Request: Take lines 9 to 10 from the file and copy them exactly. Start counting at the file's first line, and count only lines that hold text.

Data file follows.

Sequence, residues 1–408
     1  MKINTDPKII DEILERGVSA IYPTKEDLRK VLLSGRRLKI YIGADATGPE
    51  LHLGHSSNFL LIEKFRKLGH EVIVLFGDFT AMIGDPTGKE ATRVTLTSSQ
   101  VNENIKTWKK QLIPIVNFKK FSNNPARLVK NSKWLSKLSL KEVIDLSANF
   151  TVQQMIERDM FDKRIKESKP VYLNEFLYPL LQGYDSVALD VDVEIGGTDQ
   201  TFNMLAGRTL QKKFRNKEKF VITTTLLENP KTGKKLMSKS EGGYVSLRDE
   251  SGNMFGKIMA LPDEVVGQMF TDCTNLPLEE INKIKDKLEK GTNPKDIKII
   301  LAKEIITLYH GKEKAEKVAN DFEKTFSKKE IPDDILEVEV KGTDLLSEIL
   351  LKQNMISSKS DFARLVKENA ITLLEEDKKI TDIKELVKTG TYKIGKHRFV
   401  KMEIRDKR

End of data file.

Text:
   351  LKQNMISSKS DFARLVKENA ITLLEEDKKI TDIKELVKTG TYKIGKHRFV
   401  KMEIRDKR